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After reading about DGI & carbon buildup I treated my 2016 LFX v6 40k with CRC valve & intake cleaner & was surprised the smoke that came out the rear.The truck ran so much smother with more responsiveness . I didn't realize how engine was slowing down. MPG went up by 1. I then installed a catch can ( inline with the pcv hose under the engine cover. There is actually no pcv valve ) and it does collect a dirty oil residue. Have'nt seen winter operations yet for any condensation buildup. I feel it is a must because why would GM baffle the engines internally on the newer LGZ engines.
 

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All done with my intake valve cleaning & plug replacement project. 1st, I take back my previous statement about performance loss, Holy Crap! As soon as I pulled out of my driveway immediately noted was the performace increase. My loss of performance over the last 100k miles musta just been so gradual I never noticed it. Anyhow, the job wasn't that bad once into it. A good afternoon it can be done with a little patience. I basically used just carb cleaner on small cut pieces of rags with large hemostats that disolved the carbon with patience. One note, on some you tube vids some folks use those metal harbor freight brushes. DO NOT USE THEM. I 1st tried them which left metal bristles in the port. Not good. The remaining was done with the carb cleaner, a vacuum rigged to a small hose & compressed air. Rotate the engine to close the valves on the cylinder your working on. Have fun. Its worth the effort.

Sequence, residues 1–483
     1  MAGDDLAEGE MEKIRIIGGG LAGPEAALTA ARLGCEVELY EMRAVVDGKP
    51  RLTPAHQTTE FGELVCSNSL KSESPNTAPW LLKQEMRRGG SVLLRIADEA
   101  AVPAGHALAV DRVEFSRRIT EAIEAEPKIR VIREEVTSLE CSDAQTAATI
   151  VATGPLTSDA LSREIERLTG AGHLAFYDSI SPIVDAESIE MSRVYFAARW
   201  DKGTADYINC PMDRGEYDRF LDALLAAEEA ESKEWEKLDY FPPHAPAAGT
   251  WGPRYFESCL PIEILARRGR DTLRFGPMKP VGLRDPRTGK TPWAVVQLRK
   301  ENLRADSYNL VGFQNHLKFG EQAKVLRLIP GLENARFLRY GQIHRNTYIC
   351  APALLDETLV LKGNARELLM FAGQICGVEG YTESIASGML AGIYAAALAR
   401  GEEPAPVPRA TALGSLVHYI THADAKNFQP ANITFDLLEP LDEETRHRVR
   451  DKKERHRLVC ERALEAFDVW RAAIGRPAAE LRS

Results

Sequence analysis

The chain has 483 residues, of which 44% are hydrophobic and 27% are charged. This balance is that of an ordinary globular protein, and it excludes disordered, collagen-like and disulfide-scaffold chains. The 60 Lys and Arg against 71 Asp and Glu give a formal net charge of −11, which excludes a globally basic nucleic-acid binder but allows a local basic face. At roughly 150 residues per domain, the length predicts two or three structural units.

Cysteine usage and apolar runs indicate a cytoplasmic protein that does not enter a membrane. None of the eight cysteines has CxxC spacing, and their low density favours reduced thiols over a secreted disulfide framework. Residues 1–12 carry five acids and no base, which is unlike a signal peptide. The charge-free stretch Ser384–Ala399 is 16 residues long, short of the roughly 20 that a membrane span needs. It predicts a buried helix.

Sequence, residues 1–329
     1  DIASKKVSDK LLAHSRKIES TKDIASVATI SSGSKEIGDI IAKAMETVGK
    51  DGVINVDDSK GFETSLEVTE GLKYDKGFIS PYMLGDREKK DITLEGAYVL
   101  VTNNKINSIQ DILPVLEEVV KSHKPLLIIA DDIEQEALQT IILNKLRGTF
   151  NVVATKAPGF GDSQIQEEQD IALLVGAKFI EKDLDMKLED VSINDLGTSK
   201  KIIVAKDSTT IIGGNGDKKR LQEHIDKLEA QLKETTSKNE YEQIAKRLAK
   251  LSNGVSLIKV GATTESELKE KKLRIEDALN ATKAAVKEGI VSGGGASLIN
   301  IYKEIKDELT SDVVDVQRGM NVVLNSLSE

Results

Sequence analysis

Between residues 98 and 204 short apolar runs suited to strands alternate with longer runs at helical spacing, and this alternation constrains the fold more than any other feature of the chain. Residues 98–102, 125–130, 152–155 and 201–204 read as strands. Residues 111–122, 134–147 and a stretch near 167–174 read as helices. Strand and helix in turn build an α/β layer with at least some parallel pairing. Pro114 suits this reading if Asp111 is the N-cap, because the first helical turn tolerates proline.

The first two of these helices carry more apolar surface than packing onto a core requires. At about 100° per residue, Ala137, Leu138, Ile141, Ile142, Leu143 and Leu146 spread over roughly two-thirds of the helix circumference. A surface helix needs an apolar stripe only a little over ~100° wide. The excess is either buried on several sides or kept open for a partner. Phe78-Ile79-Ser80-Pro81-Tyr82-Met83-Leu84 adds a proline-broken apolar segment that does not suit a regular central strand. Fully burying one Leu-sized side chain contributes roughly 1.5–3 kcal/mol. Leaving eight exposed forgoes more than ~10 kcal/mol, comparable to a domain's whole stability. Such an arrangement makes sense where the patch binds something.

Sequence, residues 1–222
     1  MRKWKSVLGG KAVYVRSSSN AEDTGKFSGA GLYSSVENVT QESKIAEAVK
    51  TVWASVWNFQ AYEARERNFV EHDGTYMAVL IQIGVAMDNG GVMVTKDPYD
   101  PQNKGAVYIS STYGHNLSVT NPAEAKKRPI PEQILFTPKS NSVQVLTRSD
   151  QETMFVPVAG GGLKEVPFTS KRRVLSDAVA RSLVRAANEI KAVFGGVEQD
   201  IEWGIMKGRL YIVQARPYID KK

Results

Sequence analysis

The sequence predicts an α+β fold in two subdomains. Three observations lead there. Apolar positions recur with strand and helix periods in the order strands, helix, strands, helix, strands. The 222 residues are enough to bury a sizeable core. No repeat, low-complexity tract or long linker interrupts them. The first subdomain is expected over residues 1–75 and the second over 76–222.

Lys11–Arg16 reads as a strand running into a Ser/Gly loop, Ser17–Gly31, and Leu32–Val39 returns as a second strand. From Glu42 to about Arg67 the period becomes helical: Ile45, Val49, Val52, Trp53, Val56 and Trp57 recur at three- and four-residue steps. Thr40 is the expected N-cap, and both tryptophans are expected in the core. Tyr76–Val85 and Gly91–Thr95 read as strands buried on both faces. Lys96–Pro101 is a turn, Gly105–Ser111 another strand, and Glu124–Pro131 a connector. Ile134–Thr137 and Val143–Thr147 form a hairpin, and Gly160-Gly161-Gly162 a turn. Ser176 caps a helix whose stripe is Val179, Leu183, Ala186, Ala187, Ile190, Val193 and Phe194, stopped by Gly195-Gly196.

What did you do to rotate the engine?

I planned to attempt this procedure almost exactly how you described before even seeing your post, so that makes me more comfortable.
 

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What did you do to rotate the engine?

I planned to attempt this procedure almost exactly how you described before even seeing your post, so that makes me more comfortable.
Normally you use a long 1/2 drive ratchet with a socket to fit the center bolt on the crank pulley.
 
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So after 71.5k miles on my 2016 v6, safe to say I'm looking into catch cans. It was tough to get pictures of every cylinder's valves but they weren't great... I was starting to get knock, specially on hotter days.

I've done oil changes myself every 5k miles or so with Pennzoil Platinum, top tier mid grade or better every tank, air filters every 20k miles or so and did a severe schedule maintenance at 45k for most fluids.
The amount of build up is not great. It's also a pain in the butt to actually work up under the hood on the truck.

New plugs are in, cleaned the valves as much as I could with the CRC GDI cleaner, a copper gun cleaning brush with rags, vacuum and compressed air blower. Came out as well as I could hope without actually media blasting.

Will be doing the CRC GDI can instructions in the following weeks along with an oil change after and looking into catch can install. The amount of work involved on this hot weekend, I don't really want to do again.